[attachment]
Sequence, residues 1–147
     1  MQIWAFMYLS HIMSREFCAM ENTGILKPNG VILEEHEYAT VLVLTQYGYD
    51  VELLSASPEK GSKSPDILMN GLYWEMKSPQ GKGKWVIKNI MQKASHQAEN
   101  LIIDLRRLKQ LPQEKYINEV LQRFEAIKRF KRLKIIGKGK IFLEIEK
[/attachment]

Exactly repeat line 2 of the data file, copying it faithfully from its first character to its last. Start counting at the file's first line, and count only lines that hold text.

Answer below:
     1  MQIWAFMYLS HIMSREFCAM ENTGILKPNG VILEEHEYAT VLVLTQYGYD